"You're crazy, cooking hotdogs while there's a tornado watch!" Junkins's neighbor Ronnie Garrett called out across the driveway.

The two men laughed, then froze as they heard a low rumble and watched the sky darken. They stared at each other, then yelled, "Basement!"

Garrett, 33, and his mother, Lynn, scrambled downstairs seconds before they felt the roof and walls of their brick- and aluminum-sided ranch house lift off.

"There was this horrible, deafening sound I hope I never hear again in my lifetime," said Lynn Garrett. "And then we could see light and the sky and all these things falling in."

In Laurel, officials said that 150 to 175 homes and business were damaged, including 70 so badly that they are a risk to enter. At least one home was completely shorn of its roof and walls. The town's historic section suffered serious damage; the oldest building in town will have to be torn down.

Across the county line in Howard, Steve Holson scoffed when his father-in-law -- "the weather nut" -- called to warn him about the tornado. Then he saw it. He rushed his family into the basement and threw a futon mattress over his wife and children. They, and their house, emerged largely unscathed.

Neighbor Terry Donnelly was not as lucky. He and his wife, Marcia, made it safely to the basement. A minute later, though, they knew things were bad. "Just coming up the stairs, you could see the sky," he said. Their house will have to be demolished, he said.

Forty-three homes were damaged in the Howard community of Settler's Landing, county officials said, 19 of them so badly that families had to move out at least temporarily.

To the south at the University of Maryland, where the tornado took its deadliest toll, hundreds of trees were uprooted or snapped in half in the northwest corner of campus near Byrd Stadium. Three hundred cars were damaged or destroyed.

After the fire institute trailers, the most seriously damaged building seemed to be the University Courtyard apartment complex. Half the roof was ripped off, forcing the evacuation of 704 students. Yesterday, university officials called on other students to take in the displaced students temporarily. About three-quarters will be able to return to the apartment complex within a week or two, officials said, but others will have to wait a month or more.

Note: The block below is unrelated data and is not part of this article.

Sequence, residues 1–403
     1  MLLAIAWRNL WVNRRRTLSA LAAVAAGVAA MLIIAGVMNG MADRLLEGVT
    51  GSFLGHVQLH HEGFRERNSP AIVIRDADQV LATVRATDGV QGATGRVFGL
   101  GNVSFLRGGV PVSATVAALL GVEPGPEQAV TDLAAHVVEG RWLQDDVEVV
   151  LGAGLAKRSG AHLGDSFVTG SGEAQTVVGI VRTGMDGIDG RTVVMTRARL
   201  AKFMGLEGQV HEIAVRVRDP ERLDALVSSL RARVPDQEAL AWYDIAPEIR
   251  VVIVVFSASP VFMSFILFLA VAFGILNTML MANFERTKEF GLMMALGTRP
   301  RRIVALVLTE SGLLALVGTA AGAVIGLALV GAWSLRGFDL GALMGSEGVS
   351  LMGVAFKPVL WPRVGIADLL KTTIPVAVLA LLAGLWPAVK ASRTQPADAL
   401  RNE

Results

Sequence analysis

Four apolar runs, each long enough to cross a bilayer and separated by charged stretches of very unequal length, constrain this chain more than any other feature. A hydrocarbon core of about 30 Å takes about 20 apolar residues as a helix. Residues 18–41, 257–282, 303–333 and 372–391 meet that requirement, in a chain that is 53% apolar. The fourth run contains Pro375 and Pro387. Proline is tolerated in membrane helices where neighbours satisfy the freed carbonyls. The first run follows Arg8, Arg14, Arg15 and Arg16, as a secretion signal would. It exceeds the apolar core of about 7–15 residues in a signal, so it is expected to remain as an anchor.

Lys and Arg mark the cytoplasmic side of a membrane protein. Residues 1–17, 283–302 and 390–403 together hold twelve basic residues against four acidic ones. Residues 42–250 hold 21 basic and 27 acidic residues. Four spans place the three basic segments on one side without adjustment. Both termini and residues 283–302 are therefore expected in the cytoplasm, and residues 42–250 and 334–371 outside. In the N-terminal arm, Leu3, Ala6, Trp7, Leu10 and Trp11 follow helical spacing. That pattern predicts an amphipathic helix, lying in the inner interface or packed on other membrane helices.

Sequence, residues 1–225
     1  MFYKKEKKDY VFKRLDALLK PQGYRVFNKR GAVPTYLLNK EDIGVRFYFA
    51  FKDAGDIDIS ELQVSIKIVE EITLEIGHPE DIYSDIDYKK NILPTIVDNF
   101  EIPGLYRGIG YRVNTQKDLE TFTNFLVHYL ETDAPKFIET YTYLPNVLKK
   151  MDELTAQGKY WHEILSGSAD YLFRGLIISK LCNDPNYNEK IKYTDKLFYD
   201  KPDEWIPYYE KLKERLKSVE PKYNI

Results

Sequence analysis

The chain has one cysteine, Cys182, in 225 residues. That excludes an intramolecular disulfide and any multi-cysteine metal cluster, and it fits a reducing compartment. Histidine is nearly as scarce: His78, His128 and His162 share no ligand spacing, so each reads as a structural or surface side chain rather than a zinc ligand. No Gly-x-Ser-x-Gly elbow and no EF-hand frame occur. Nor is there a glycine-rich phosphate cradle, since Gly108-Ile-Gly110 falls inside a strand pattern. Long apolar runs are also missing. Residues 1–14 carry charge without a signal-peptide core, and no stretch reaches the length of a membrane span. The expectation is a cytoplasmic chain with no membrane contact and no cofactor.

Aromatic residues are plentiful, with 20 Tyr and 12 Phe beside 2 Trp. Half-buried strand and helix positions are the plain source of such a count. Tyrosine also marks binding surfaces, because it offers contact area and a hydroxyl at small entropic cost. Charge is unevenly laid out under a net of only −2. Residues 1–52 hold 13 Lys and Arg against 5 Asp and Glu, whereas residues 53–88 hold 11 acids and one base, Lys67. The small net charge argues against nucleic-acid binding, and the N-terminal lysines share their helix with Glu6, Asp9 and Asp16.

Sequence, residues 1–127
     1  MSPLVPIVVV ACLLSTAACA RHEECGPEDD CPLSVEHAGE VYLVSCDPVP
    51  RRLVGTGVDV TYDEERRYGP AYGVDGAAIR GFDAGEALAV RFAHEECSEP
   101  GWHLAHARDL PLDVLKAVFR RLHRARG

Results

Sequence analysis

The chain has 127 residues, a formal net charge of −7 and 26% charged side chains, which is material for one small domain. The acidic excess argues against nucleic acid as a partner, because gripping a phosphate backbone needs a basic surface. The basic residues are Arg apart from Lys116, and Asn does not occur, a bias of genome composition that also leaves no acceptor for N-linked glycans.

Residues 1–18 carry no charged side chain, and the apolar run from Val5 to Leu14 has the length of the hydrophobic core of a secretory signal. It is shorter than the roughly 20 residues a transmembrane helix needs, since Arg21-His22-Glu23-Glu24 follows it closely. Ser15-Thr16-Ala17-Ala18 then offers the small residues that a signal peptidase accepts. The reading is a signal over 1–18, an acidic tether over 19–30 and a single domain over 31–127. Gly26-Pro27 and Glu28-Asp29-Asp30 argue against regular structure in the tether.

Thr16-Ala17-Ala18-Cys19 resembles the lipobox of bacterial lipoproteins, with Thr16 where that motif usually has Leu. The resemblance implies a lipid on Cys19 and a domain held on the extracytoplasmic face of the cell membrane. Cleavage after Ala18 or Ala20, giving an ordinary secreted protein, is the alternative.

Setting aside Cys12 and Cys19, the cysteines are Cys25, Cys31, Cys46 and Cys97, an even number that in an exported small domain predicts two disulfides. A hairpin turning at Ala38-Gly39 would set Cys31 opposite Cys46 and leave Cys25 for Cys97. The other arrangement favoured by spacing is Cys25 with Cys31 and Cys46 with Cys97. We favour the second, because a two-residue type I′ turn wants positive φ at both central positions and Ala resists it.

A child-care center that suffered some damage will remain closed through the end of the week.

Although performances and many other events have been canceled at the slightly damaged Clarice Smith Performing Arts Center, a grand-opening gala will go on as scheduled Saturday. The Maryland-West Virginia football game will be played at the stadium as scheduled that day.

Students spent much of the day wandering the campus to view the damage and check on the well-being of their friends. Many were impressed to see students rush out Monday evening to help the injured.

"It's brought out the best in people," said Joe Scovitch, a sophomore from Hagerstown, Md. "I see people doing things for each other that they hadn't done before, just being there for each other."

Staff writers Jamie Stockwell, Nurith C. Aizenman, Maureen O'Hagan, Phuong Ly, Matthew Mosk, Nancy Trejos and Ian Shapira and special correspondent Steve Schmadeke contributed to this report.

© 2001 The Washington Post Company

Related Links

Prince George's News
With Pr. George's Officer Away, Case Dropped (The Washington Post, 9/26/01)

Organizations Seeking Donations to Help Victims (The Washington Post, 9/26/01)

'Closest of Friends' (The Washington Post, 9/26/01)

More Prince George's News

Howard News
'Closest of Friends' (The Washington Post, 9/26/01)

The Many Colors Of Red, White and Blue (The Washington Post, 9/26/01)

Weather Service Has Much to Study (The Washington Post, 9/26/01)